Patriot Day is an annual observance on September 11 to remember those who were injured or died during the terrorist attacks in the United States on September 11, 2001. Many Americans refer to Patriot Day as 9/11 or September 11.
Patriot Day is not a public holiday. Businesses have normal opening hours. Schools and businesses do not close. Public transit systems run on their regular schedules. Some people and organizations take time out to hold prayers for the victims of the attacks.
Observing Patriot Day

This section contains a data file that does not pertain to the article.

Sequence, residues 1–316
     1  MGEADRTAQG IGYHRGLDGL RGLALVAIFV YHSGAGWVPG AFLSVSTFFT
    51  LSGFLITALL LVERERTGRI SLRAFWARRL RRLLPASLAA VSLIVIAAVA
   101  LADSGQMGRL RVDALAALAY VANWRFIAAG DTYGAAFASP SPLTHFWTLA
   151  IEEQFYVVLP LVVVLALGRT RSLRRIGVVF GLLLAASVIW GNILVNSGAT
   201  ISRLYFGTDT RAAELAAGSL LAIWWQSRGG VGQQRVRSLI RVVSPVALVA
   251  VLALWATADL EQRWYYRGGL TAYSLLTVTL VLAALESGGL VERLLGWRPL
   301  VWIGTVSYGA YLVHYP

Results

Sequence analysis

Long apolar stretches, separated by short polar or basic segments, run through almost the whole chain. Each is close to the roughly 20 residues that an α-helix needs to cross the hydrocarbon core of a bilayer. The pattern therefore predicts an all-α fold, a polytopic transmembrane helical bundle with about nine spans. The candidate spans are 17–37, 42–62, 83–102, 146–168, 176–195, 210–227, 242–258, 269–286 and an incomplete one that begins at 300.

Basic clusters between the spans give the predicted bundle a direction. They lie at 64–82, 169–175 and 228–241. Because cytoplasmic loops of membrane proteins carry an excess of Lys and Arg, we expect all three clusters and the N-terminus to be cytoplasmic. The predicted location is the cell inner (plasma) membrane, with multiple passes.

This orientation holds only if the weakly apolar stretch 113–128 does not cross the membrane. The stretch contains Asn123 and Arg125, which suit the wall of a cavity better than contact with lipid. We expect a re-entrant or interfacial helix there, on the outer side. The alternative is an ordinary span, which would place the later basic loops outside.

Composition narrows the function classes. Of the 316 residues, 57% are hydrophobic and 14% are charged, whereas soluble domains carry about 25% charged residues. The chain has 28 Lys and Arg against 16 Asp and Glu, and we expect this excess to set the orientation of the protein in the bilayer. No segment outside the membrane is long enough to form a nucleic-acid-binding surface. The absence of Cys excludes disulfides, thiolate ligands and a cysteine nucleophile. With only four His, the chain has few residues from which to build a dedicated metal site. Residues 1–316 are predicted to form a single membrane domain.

At the direction of the President, the flag of the United States of America should be displayed on the homes of Americans, the White House, and all United States government buildings in the whole world. The flag should be flown at half-staff as a mark of respect to those who died on September 11, 2001. Many people observe a moment of silence at 8:46 AM (Eastern Daylight Time). This marks the time that the first plane flew into the World Trade Center. Some communities, particularly in the areas directly affected by the attacks, hold special church services or prayer meetings. People who personally experienced the events in 2001 or lost loved ones in them, may lay flowers or visit memorials. Two spotlights are lit in New York City each year to symbolize the two Trade Center Towers that fell. Each year on September 11th, the names of each of the victims are read aloud at the Word Trade Center location.